These sorts of situations will not be getting less common in the coming days. If anything, these situations will increase as right-wing bigots worldwide also witness this, as they see others like them be allowed to bully, abuse, and attack anyone of a different worldview than their own. Rather than having interest in any sort of love, this approach encourages violence in the face of difference.  

One incredibly important caution I’d like to leave you with through this piece is to not underestimate those on the far-right. It doesn’t matter how stupid their ideas, stances, or practices may seem to you – you thinking someone’s perspective is stupid doesn’t mean they as an individual are stupid. Far-right fascists are known globally for being intelligent, organized, ruthless, and very well-financed. They are incredibly motivated to make sure that the way the world works doesn’t change one bit because they benefit from it, and they stand to lose those benefits if people begin growing for their own good rather than the good of the ruthless gardeners. 

Embodying queer love is vitally important right now because of the sheer amount of force coming from those in positions of power to squelch the growth it brings. Queer love is a force of nature, it is nurturing and revitalizing and welcoming, and is under immense attack right now for the disruption it can bring because our status quo at the moment is not nurturing, revitalizing, or welcoming. The status quo is for people to behave like objects, to serve functions for those in power, to do what they’re told without question; none of the steps of that model incorporate love. 

The first pride was a riot because it fucking had to be. The first pride was a riot because queer individuals were tired of being terrorized by their neighbours and law enforcement, they were tired of watching their friends die from brutal beatings or preventable sexually transmitted infections, and they were left with no option but to fight back in a war they didn’t ask for.  

Megan Gorsalitz curated the Pride on the Prairies exhibit featured through the Diefenbaker Centre in 2021, and she included much Saskatchewan-specific history in the overview. Regina’s first pride week was in 1989, but Saskatoon didn’t follow until 1995. Saskatchewan didn’t legalize same-sex marriage until 2005. It wasn’t possible to mark one’s gender as non-binary on a Saskatchewan driver’s license until 2019. The majority of people have been alive for longer than queer people have had any semblance of rights, and these rights can very quickly be ripped away if we don’t have queer people and allies acting quickly and powerfully in this moment to protect them.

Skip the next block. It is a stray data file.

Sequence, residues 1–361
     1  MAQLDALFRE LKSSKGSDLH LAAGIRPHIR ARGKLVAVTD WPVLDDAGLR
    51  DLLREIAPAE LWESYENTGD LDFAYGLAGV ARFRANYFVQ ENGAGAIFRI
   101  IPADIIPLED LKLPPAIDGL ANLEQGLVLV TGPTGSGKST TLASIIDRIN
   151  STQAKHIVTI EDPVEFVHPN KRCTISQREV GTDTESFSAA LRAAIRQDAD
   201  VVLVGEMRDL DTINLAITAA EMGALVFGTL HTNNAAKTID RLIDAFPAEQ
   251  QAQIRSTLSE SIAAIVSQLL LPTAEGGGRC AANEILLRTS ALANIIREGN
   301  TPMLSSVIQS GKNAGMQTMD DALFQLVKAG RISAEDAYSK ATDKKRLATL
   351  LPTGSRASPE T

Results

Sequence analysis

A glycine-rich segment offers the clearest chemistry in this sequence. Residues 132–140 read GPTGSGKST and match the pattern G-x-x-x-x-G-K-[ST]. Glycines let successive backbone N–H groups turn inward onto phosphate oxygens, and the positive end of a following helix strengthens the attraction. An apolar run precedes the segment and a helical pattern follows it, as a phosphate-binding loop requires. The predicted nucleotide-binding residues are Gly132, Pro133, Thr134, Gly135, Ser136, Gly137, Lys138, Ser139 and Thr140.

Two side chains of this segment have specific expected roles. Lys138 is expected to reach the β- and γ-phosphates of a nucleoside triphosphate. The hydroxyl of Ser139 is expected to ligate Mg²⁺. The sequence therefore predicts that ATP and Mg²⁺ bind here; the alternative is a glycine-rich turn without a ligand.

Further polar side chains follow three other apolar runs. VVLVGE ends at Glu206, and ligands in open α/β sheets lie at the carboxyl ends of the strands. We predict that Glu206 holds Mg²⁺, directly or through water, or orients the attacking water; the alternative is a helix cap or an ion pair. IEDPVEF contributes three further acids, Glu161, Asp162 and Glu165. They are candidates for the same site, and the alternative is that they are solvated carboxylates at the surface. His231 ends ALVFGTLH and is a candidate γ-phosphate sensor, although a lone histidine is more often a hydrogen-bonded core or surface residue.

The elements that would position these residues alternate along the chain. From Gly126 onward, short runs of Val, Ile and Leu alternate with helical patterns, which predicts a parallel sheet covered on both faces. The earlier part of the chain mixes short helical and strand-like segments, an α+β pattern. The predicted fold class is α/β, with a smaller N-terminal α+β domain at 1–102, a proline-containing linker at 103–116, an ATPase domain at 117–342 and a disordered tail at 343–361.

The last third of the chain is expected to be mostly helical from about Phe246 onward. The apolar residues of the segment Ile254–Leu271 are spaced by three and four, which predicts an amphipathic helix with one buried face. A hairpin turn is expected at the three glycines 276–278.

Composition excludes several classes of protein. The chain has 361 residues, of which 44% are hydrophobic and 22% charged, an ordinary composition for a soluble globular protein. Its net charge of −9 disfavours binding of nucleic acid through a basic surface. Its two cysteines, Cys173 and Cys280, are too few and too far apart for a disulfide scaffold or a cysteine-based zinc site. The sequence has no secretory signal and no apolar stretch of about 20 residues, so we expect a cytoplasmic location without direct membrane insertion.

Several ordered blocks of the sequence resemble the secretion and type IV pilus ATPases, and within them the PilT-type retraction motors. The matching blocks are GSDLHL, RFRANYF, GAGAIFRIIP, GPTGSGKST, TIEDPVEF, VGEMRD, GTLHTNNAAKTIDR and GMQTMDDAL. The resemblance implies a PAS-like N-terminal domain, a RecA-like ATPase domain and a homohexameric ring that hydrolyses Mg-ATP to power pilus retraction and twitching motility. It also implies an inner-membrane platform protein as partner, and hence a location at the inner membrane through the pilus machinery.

To start the ‘fighting back’ that our generations are facing now, we must boldly embody queer love everywhere possible. Not just in romantic and sexual relationships, but with everyone we encounter. Go about your life acting as a part of nature in your ecosystems, protect yourself and others from ruthless gardeners, and be loud in your pride. The celebrations, club nights, and parades are important – it’s hard to have a fulfilling life without joy and community – but never forget that pride was first a riot.  

Never forget that these rights can be ripped away in a fraction of the time it took to fight for them. Never forget the ruthlessness of those who are in power and looking to stay there. Never forget that while we must love, we must fight for what we love.